Okay, nobody on the pre-show is really interesting, so don't expect much of a recap on all that. Except for Peisha bragging about how Katharine is such a huge celebrity right now and that she has movie studios banging down her door. Yuck. I have never wanted to punch a woman in the mouth so badly. Peisha's dress shows just a BIT too much cleavage too.

And we start things off with Carrie Underwood who is singing alongside Taylor Hicks and Katharine McPhee. Taylor looks resplendent in his white tux. Kat sounds like dookie. Putting Kat up next to Carrie is like putting the retarded kid up against Michael Jordan in a game of Horse. And there are all the other Top 12 and background singers merging onstage in a cluster. I wish they'd all hush and let me hear my Carrie.

Ben Stiller and Heather Locklear are here to watch Ryan Seacrest name the new American Idol. Are they a thing now? Somebody who cares go find out for me.

Ryan paces the stage and asks who the American Idol should be. The audience almost unanimously shouts Taylor. There's a clip segment of Randy Jackson saying "dude" variously. I love Randy and all, but he is not much of an off-the-cuff speaker. Fantastic with a bass though. Now it's time for a retrospective on the drunken antics of Paula Abdul, set to Whitney Houston's "So Emotional." And now, the Simon Cowell version of "Do Ya Think I'm Sexy." Randy doesn't boo. I'm impressed. I love how dapper Randy is tonight.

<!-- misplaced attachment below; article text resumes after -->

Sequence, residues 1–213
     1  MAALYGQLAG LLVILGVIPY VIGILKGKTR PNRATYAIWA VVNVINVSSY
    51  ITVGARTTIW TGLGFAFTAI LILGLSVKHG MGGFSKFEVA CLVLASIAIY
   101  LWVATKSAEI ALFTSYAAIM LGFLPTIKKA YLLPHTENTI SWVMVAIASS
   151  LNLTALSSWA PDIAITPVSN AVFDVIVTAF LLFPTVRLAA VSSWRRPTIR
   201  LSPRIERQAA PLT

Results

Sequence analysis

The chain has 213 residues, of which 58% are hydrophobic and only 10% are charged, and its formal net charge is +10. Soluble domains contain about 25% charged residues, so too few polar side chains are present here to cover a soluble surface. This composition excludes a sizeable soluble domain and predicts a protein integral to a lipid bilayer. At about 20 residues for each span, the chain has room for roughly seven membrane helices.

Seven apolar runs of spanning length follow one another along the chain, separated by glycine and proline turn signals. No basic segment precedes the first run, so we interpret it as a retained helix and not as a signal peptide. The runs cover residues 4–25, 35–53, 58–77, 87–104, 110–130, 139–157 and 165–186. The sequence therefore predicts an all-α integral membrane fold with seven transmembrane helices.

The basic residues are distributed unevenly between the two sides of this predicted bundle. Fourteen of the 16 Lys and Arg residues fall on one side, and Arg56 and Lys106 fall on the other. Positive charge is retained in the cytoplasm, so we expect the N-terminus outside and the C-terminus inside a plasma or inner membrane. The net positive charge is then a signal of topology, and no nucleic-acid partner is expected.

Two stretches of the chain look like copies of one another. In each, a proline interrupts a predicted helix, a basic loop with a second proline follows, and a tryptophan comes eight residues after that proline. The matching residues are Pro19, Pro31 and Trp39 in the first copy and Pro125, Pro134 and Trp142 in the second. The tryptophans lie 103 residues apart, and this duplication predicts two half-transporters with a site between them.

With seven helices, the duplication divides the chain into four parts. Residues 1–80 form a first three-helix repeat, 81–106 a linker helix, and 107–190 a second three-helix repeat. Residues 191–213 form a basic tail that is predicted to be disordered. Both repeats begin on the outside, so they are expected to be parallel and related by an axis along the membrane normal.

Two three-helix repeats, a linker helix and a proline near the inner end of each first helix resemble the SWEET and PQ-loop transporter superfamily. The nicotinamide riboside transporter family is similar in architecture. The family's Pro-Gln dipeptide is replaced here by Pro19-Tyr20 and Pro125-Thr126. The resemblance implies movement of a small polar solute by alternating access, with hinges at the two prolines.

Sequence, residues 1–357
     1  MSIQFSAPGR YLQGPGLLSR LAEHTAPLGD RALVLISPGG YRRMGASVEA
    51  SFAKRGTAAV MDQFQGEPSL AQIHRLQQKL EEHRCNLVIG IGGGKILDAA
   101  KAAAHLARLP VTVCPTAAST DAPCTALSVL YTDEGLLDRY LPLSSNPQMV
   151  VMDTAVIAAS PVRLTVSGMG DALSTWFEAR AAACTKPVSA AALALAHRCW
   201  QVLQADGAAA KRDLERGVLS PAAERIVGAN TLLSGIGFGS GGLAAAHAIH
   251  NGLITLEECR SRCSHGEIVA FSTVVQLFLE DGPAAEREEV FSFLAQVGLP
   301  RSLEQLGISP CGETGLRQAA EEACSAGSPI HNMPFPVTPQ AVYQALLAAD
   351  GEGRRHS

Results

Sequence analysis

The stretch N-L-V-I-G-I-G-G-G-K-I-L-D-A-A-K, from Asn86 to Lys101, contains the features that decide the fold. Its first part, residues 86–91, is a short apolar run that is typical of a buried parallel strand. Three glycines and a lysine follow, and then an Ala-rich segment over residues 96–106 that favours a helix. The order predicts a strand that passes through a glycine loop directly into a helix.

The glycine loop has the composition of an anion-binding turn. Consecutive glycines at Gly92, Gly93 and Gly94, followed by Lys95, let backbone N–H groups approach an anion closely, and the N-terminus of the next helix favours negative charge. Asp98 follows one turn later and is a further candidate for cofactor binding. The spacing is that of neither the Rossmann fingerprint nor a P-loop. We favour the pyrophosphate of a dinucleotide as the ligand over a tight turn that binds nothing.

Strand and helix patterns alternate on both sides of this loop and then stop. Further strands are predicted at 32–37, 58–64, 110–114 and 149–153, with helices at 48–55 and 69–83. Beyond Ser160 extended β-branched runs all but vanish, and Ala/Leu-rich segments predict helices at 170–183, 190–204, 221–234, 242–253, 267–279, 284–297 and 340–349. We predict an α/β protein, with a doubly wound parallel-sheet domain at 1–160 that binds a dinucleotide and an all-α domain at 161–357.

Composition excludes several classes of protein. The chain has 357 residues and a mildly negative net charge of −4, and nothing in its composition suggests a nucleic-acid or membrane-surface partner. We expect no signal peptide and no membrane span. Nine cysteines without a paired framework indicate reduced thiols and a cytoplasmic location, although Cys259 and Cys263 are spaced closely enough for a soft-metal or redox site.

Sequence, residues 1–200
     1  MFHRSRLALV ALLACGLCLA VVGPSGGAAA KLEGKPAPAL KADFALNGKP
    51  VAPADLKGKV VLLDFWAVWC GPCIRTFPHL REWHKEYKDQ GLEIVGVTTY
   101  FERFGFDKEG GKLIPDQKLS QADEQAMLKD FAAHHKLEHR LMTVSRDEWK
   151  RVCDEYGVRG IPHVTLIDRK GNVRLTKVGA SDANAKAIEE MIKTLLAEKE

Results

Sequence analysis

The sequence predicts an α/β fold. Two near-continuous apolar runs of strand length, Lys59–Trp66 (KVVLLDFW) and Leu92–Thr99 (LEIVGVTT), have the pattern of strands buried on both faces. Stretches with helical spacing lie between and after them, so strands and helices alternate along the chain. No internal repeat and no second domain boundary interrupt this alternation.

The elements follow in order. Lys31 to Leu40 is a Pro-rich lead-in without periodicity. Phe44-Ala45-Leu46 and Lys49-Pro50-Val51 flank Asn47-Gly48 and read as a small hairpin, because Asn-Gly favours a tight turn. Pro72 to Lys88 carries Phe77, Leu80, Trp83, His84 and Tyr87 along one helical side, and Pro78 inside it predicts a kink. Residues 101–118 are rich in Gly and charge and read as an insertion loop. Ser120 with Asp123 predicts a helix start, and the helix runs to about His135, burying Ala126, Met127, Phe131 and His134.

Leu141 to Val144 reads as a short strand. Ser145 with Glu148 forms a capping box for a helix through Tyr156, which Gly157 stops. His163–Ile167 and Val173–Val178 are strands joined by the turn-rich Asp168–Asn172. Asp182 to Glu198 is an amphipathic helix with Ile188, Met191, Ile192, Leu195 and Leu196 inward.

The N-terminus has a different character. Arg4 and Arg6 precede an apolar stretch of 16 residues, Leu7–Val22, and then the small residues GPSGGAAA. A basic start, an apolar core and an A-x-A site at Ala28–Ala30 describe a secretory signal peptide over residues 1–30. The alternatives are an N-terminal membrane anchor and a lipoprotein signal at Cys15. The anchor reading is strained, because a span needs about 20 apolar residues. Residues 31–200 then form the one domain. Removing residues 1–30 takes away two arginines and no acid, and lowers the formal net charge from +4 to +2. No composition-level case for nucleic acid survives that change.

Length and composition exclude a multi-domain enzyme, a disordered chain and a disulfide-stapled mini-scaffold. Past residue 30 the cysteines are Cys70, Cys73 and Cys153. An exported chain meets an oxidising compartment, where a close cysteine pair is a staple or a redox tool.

Quick trip to Birmingham AL as hotties Becky and Jessie O'Donohue vie for more camera time. Jessie is one of the luckiest ones this year. She didn't have to perform once, but she is eating her up some camera.

Quick trip around the bend to Tamyra Gray at Universal Studios. Tamyra is looking quite good these days!

Paris Bennett is onstage now with her Jheri curl wig. Al Jarreau joins her onstage. I know she's dying. I would be. Al is awesome. Paris has been doing some work. I love how she sounds tonight; now if she'll just not talk afterward. I'm not sure why the lighting guys are projecting snowflakes onto the stage. I'd buy this single, though, if they put it out tomorrow. I'd buy anything with Al Jarreau on it.